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Dotter Interventional Institute

Carotid Stenting

Physicians at the Dotter Institute have been active in stent placement for the treatment of disease processes affecting the great vessels of the arch and carotid arteries since 1996. The Neurointerventionalists and Body Interventionalists of the Dotter Staff have been working together with clinical staff of the OHSU stroke team and have established the largest carotid stenting program in the Northwest. Together they have placed nearly 200 stents in 168 patients, including 5 carotid stent-grafts for emergent carotid ruptures from malignancy. They have been the first team in the United States to evaluate several types of stents form placement into the carotid arteries, and their success has led to their participation in two large national multicenter trials, CREST (Carotid Revascularization Endarterectomy Vs. Stent Trial) and ARCHER (Acculink for Revascularization of Carotids in High Risk Patients). The CREST trial is sponsored by the NIH (National Institute of Health) and will soon include the use of a new cerebral protection device, available on to those participants in the trial.

Of the more than 100 patients treated by stent placement in the cervical carotid artery, 8 patients were treated for severe carotid dissection, 2 patients for Fibromuscular Dysplasia, and 5 for malignant involvement of the artery. The remainder have been treated for carotid artery stenosis, judged to be at high risk for the conventional surgical approach. [Fig. 1]

Fig. 1b After stent placement and its dilatation to 6 mm diameter, there is no significant residual stenosis. The minimal circumferential narrowing seen at the distal end of the stent is a common finding, related to spasm, and is not seen on follow-up studies. The apparent curvilinear density seen overlying the proximal 1/3 of the stent is a subtraction artifact.
Fig. 1a 56 year old male with symptomatic focal, high grade cervical carotid stenosis, recurrent post surgical endarterectomy. The external washers are used for sizing reference.

Fig. 1c This self-expanding, nitinol 0.018 Smart Stent (Cordis) was the first of its type placed in the carotid artery in the USA. It measured 9 mm in diameter by 30 mm in length. Clinical follow-up- the patient is doing well with no symptom recurrence for 12 months.

Patients with significant narrowing of the extracranial vertebral and intracranial arteries due to athersclerosis have been found to be at high risk for stroke or death. These narrowings, or stenoses, are in blood vessels too small for surgical treatment, and when patients become symptomatic despite medical therapy, there is currently no viable alternative treatment. Beginning in 1999, Dotter Interventionalists began evaluating coronary stents for the treatment of these high-risk vertebral and intracranial lesions. Though not intentionally designed for this use, the coronary stents were found highly efficient in successful treatment of lesions as high as the basilar artery and supraclinoid internal carotid artery. Dotter interventionalists are currently involved in clinical trials, with the purpose of evaluating a stent designed specifically for the treatment symptomatic intracranial lesions. With this stent, they have successfully treated lesions in both M1 and M2 segments of the middle cerebral artery. [Fig. 2] To date they have accumulated one of the largest experiences in intracranial stent placement. They have treated 50- patients and placed 36 stents in the vertebral and basilar systems, and 16 stents in the petrous and intracranial internal carotid artery.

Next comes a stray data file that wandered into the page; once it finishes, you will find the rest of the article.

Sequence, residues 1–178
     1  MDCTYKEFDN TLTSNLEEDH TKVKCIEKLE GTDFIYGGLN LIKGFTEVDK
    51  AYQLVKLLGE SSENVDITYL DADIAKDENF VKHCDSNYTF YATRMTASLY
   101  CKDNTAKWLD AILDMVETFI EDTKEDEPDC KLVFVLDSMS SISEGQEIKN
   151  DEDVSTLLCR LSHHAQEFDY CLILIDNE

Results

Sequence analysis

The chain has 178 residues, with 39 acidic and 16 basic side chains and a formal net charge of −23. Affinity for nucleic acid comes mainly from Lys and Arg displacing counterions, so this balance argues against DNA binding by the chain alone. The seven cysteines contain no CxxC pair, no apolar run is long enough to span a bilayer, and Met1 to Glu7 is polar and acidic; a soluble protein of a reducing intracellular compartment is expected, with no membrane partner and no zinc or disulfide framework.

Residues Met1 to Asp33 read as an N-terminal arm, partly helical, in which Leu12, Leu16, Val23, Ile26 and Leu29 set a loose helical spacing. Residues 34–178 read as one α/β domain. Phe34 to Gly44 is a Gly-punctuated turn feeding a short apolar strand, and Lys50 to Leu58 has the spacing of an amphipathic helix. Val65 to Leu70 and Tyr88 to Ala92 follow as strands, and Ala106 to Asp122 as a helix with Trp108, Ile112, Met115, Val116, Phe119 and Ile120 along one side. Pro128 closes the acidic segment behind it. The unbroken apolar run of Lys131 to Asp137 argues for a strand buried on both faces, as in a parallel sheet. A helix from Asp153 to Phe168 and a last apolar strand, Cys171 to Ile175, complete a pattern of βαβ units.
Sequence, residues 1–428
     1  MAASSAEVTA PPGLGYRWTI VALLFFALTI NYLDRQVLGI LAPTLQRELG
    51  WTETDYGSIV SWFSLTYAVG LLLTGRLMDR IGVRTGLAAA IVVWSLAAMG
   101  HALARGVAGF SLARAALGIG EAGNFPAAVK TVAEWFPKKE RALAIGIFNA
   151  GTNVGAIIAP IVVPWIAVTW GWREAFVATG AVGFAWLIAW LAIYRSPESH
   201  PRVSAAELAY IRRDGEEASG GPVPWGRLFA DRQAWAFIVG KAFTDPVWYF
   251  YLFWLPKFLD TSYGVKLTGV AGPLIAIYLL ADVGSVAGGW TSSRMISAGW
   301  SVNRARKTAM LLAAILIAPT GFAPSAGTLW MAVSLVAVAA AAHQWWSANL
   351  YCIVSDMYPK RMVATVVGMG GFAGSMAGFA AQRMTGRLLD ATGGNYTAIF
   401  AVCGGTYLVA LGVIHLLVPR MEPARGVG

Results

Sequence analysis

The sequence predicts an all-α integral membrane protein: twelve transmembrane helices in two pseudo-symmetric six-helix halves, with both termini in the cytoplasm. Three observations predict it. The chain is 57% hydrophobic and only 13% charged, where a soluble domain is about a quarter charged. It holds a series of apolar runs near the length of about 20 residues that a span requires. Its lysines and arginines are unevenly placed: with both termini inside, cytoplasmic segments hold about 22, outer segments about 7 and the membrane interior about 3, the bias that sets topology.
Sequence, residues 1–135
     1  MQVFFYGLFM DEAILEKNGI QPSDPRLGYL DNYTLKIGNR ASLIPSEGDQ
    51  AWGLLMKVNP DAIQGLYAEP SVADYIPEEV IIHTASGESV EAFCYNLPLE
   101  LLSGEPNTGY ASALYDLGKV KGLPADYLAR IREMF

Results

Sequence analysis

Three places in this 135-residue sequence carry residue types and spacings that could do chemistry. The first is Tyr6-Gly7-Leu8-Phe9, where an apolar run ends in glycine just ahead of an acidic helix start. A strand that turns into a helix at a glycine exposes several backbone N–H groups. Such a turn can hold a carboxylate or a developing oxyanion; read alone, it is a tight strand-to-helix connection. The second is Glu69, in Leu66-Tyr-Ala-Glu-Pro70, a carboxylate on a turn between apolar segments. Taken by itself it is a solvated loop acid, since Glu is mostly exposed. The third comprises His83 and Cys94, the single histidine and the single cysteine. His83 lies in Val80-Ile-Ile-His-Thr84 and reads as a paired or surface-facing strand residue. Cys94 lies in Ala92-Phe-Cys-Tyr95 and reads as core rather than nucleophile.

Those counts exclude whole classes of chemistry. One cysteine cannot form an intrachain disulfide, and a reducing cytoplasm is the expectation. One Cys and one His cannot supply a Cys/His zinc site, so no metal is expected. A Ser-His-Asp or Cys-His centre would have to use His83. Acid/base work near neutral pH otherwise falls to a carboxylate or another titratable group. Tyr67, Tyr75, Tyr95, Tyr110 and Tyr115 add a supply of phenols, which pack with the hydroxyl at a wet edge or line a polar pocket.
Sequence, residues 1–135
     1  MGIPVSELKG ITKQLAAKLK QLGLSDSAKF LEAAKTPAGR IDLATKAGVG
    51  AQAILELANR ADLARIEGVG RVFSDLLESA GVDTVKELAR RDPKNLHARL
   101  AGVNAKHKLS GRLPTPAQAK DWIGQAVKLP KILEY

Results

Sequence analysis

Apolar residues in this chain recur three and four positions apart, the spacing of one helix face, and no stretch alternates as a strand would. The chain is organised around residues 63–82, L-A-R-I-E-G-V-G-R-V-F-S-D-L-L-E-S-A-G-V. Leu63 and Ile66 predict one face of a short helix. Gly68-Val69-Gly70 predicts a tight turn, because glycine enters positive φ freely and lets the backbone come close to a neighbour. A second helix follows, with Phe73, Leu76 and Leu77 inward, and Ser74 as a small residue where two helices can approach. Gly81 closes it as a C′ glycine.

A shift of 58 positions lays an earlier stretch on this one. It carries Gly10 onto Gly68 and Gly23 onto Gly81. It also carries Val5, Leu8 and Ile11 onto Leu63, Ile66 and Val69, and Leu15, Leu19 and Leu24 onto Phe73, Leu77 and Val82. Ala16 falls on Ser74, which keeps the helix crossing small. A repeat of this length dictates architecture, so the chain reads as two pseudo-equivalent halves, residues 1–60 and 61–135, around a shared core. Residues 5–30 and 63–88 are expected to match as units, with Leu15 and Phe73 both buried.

Fig 2b After placement of a dedicated intracranial stent, the stenosis is completely obliterated. The patient has been without recurrent symptoms for 4 months.
Fig. 2a Symptomatic focal high grade stenosis of the left middle cerebral artery (M1 segment) was an isolated finding.

Fig. 2c The stent is balloon expandable, measures 2.5 mm in diameter, and is 8 mm in length. Note how is closely approximated the curvilinear shape of the native artery.